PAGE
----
Digital Photography

Saturday, March 25, 2006


Here's a WORKFLOW I found in a magazine article - didn't save his name so can't give him credit - but loved his plan. He makes his living at photography and pointed out that the less time spent in postprocess the more money earned ( dollars per hour ).

1 - Capture Images - ( camera - scanner )

2 - Transfer to computer - ( reader - cable )

3 - Save Images - ( HD - CD - DVD ) ( Scott Kelby in one book I have, suggests burning to cd and NOT putting images on the hard drive. You then have the "originals" on the cd, and since you work off the cd you know you have a readable cd. ( You may want to burn another cd at this time from another brand of cd in case of a bad lot of cd's - cd rot ) If you only save to hard drive make an orginals file and then only work on copies.

4 - Edit and delete - ( dump totally hopeless - if you have them on hard drive )( if you work off the cd then only copy the images you want to work on.)

5 - Convert from raw ( if you have a Canon the file extension is .CR2 )

6 - Rotate and crop

7 - Resize Up - ( Change ppi - this is usually from 72 to 300) This can be done with the crop tool but if you want more control do it in Resize - Resample off when going from 72 to 300. Sometimes it is better to resize then crop.

8 - Correct color and contrast

9 - Repair

10 - Enhance

11 - Save working file - ( layers ) ( maybe to CD - this one saves the layers if you want to go back to the layers - the archival will be saved after you flatten and you won't be able to come back)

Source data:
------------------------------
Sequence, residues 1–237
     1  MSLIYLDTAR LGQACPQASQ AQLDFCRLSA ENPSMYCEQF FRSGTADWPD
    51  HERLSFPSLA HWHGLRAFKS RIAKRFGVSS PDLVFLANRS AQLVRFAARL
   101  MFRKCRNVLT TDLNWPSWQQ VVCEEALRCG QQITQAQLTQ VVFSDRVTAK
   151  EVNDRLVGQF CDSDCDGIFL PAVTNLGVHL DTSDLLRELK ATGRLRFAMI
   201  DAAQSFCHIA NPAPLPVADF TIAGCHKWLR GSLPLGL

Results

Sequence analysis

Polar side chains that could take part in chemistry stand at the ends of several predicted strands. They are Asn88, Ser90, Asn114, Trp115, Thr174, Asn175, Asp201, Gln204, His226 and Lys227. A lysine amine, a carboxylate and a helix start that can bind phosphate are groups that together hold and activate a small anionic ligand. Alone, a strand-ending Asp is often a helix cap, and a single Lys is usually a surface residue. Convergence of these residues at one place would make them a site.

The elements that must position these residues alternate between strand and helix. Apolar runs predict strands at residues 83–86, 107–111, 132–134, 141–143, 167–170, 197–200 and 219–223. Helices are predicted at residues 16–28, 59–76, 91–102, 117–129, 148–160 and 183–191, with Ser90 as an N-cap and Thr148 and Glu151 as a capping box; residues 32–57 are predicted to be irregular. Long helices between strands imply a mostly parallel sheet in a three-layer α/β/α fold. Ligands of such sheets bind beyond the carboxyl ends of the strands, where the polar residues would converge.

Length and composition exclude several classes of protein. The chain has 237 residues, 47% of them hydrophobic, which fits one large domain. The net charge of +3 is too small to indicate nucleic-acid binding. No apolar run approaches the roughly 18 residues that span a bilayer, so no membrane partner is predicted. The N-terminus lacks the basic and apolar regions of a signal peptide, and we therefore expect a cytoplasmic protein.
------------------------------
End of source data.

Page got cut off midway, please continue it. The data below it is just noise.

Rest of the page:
12 - Sharpen ( usually done with unsharp mask )

13 - Save archival file - ( HD - CD - DVD )

14 - File - ( CD's - DVD's )

15 - Output

Most of us can leave out a few of these steps but I have found the order very helpful. Actually there isn't any reason to work on an image unless you know how you want to output it. If you crop for an 8x10 and later decide you want a 4x6 or 8x8 you have to recrop or even go back and start with a new copy. No use to resize until you know what ppi you will want - 72 - 180 - 250 - 300. Once you decide what you want the image for then you will know how you want it cropped - what ppi you want - what pixel count you want - what you want to do with the color - no use to spend lots of time tweaking color if later you actually decide you want it in B&W, or sepia.

The pro has it over the amateur in that they know what pictures they need for this customer, what sizes, how it will be output ( prints on what paper etc. ) It drastically cuts the number of decisions to be made.

There are pro labs now where the photographer takes his pictures - up loads them to the lab - and basically they are done until the lab sends a check. The lab takes a percentage but does the post-processing - puts the images up for the clients to order - takes the orders - sends the prints. Great for the photographer that doesn't want the post-processing tying up their time.

Cropping and Resizing

Two peas photo lab wants:

Minimum pixel count to be :

640 X 480 - wallet - 2x2 - 3x3 - 4x4
1024 x 768 - 4x6
1152 x 864 - 5x7
1600 x 1200 - 8x10
2000 x 1500 - 11x14
3000 x 2000 - 24x36

If your camera loads to the computer at 72 ppi then you need to resize to 300 ppi for most online printers - you can do this in Resize - turn resample off.

With my Drebel it loads to the computer at:
72 ppi ( Pixels per inch )
3456x2304 pixel count
48 x 32 inches ( turn on your rulers)

When I go to ( PSE4 ) Image - Resize - Image size - Resample off - and change the ppi from 72 to 300 - the pixel count goes to 3456x2304, the inches go to 11.52x 7.68.

Now that I'm at 300 ppi - go to crop and put in 4x6 or 5x7 and crop. If I want three different shape crops I crop three different copies of the image and label them - 4 - 5 - 8 so I know if the were cropped to be 4x6 - 5x7 - 8x10. ( When using the crop tool put in 4.0 - 6.0 etc )

After cropping go back and check that you still have above the minimum pixel count. Cropping won't change the 300 ppi but it will chop off pixels on your pixel count. If you do a major crop you may drop your pixel count too far. There are times to crop before resize and times it is better to crop after resize. If your pixel count is too low that is another problem and a different subject.